This problem made no sense at all and shouldn't ever be tested on. It was absolutely terrible.

This was fine right until the polar stuff... but even that SHOULD have been easy.. if you can think straight.

Most confusing problem ever.. don't waste your time on the last part.. its kinda crazy.

You can solve this problem just from the information given.. as long as you remember the product rule. They make you solve for stuff that is already known. Joke.

As long as you know the mclaurin series for cosine you should be fine on this problem. If you don't you can still solve the problem right if you're good at math... i think i got it wrong.

http://www.math.duke.edu/education/webfeatsII/gdrive/Team%20B/Project/index.htm

Determine the length of this pipe by plotting points to get the equation of the pipe. Then use the integral of the square root of dx/dt^2 plus dy/dt^2 or some other form of ds.

http://athens.troy.k12.mi.us/imc/wb/lpct1.htm

Use Riemman sums to find the area of a graph. You will need to find the area under the left rectangles, then the right rectangles. Add these two up and divide by two to find the average.

http://www.joma.org/vol3/modules/clark/area_of_virginia.htm

This site is very simple. Just find the equation of the water curve by plotting points, and then determine the domain and range. Easy enough.

http://www.joma.org/vol2/articles/wattenberg/JOMA_article/water_fountain.html

This page is weird. All you do is put in a function and its derivatives, and the site will give you the graph and taylor series for it. Nice.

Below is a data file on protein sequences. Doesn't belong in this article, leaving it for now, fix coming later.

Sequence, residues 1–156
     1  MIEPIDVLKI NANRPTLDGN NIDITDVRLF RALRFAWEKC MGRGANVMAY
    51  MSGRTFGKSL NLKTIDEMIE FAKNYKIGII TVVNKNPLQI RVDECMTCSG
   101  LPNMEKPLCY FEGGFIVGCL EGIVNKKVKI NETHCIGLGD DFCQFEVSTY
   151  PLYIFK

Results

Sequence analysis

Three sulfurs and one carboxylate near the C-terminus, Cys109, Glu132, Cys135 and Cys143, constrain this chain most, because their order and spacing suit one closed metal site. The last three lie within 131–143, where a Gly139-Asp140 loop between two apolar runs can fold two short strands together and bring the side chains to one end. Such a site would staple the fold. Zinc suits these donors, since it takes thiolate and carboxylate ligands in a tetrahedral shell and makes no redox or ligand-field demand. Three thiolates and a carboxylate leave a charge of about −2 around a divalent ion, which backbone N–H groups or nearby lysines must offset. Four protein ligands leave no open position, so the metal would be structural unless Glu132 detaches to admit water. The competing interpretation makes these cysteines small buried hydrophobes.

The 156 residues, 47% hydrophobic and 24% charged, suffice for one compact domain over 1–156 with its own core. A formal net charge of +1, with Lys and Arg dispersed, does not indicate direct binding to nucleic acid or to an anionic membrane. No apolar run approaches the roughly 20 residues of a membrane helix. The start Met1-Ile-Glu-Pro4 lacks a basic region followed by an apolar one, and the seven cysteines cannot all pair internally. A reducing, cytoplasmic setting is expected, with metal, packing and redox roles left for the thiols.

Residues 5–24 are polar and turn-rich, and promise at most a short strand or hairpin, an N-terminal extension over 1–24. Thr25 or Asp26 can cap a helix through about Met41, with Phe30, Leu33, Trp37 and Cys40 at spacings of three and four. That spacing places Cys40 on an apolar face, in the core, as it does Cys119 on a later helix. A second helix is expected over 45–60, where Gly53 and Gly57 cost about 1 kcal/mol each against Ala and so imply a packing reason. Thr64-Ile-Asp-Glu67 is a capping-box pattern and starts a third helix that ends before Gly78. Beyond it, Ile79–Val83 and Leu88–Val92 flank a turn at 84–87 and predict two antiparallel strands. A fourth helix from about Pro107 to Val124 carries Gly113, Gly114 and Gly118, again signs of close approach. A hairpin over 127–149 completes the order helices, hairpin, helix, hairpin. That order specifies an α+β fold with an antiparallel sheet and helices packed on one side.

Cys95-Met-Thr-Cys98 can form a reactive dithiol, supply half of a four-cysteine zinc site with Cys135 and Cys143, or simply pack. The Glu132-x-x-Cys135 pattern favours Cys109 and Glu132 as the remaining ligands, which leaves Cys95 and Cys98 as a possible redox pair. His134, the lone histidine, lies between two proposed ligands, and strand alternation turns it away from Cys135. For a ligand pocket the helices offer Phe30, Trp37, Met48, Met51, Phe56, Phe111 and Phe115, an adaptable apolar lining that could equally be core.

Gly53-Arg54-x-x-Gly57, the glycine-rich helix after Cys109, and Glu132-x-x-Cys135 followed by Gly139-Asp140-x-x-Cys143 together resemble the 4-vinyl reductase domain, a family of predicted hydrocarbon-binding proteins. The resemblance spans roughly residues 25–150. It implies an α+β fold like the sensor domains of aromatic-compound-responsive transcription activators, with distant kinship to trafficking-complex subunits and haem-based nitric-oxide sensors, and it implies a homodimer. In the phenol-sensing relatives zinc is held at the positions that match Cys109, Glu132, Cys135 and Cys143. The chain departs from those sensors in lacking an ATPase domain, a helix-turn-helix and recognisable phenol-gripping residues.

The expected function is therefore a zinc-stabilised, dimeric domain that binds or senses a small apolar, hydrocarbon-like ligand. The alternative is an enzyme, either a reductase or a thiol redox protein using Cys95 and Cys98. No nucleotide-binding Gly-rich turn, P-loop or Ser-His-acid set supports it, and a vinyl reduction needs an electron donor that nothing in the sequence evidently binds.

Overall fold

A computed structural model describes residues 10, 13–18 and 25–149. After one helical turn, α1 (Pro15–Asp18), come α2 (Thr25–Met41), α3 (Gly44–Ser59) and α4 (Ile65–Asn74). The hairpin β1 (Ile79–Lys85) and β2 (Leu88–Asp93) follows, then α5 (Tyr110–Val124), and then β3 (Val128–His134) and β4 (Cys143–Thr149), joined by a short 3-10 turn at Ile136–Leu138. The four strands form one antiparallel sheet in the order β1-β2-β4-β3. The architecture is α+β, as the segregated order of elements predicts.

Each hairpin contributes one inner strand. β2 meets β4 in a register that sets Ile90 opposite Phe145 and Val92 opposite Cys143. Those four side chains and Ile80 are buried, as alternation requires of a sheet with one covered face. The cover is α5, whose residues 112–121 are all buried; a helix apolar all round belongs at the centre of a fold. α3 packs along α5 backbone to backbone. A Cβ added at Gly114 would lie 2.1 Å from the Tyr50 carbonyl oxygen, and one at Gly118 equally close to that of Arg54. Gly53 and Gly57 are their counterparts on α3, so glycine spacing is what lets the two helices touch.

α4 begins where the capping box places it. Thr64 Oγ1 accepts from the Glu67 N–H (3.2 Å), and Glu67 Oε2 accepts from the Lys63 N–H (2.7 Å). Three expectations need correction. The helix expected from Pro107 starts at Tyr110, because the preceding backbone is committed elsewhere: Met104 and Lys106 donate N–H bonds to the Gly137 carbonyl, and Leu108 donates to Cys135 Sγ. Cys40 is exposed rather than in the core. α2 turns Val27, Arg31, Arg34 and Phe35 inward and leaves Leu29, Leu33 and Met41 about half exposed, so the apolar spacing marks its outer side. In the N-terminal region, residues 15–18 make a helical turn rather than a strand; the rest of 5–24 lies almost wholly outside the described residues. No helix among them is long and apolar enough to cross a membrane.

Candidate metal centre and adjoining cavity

http://www.joma.org/offsite.html?page=http://cs.jsu.edu/mcis/faculty/leathrum/Mathlets/taylor.html

If you like graphing things this site is for you. It's not for me. All you do is change the coefficients for a standard function to create parabolas, circles, elipses, or hyperbolas. You can transform them, stretch them, etc.

http://www.joma.org/offsite.html?page=http://cs.jsu.edu/mcis/faculty/leathrum/Mathlets/conics.html

This website shows you examples of graphs of exponential functions and how to properly take the derivatives of them. Then you can learn how to graph tangent lines to the curves and find their equations. Helpful for beginning of calculus.

http://www.joma.org/offsite.html?page=http://cs.jsu.edu/mcis/faculty/leathrum/Mathlets/explore1.html

Solution: To solve this problem, cut a slice of the cake and set it on the x-axis. Then rotate the slice about the y-axis to create the cake. Approximate the graph of the piece of cake and use integrals with dx slices to solve for the volume of the cake.